Children’s names and naming practices: wrestling with racism in Asian American families


Elementary and Early Childhood Education

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A name is the starting point to acknowledge the existence of ourselves and others in our lives. However, we live in a society where name-based biases and discrimination have permeated. As transnational parent researchers, we examined our children’s names and naming practices through the practice of Suda [수다], which is an open-ended nonhierarchical conversational environment and deep/emotional storytelling, drawing on our own onto-epistemological stances. We intend to uncover implicit and hidden racial discourses against Asian/Asian American children’s names and naming practices through our children’s names and naming practices. The data reveal that our children’s names embrace our cultural beliefs, faiths, the wishes of parents, and family histories while being entangled with discrimination and racial discourses. Our children were also actively negotiating and (re)constructing their self-representation by having more than one name. This study provides implications regarding racially minoritized children’s names and naming practices in school and future research.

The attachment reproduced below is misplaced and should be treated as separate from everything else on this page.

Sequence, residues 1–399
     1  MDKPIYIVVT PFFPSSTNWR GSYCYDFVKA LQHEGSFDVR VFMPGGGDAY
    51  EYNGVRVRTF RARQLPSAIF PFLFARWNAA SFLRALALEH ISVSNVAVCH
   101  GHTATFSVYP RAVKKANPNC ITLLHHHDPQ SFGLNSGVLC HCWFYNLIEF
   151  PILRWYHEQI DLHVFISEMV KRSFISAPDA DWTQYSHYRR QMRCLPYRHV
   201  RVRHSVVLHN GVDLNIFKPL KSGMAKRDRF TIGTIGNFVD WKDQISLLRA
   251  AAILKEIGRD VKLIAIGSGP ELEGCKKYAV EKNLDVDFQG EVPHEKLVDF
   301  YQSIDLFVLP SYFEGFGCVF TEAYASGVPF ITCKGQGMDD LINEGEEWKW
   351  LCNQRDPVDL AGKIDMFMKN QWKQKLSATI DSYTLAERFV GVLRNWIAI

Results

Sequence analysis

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Diaspora, Indigenous, and Minority Education

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